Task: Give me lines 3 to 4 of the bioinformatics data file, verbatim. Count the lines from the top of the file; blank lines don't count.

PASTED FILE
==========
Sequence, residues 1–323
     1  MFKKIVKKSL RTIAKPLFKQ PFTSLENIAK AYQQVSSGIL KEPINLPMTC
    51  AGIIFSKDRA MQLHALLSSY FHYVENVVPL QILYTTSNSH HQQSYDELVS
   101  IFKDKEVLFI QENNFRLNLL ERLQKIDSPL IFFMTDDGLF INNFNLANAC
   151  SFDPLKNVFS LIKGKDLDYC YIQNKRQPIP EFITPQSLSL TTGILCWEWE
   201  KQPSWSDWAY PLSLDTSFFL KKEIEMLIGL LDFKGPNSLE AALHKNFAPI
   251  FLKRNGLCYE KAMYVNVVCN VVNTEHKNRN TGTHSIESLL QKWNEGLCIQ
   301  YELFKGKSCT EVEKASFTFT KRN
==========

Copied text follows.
    51  AGIIFSKDRA MQLHALLSSY FHYVENVVPL QILYTTSNSH HQQSYDELVS
   101  IFKDKEVLFI QENNFRLNLL ERLQKIDSPL IFFMTDDGLF INNFNLANAC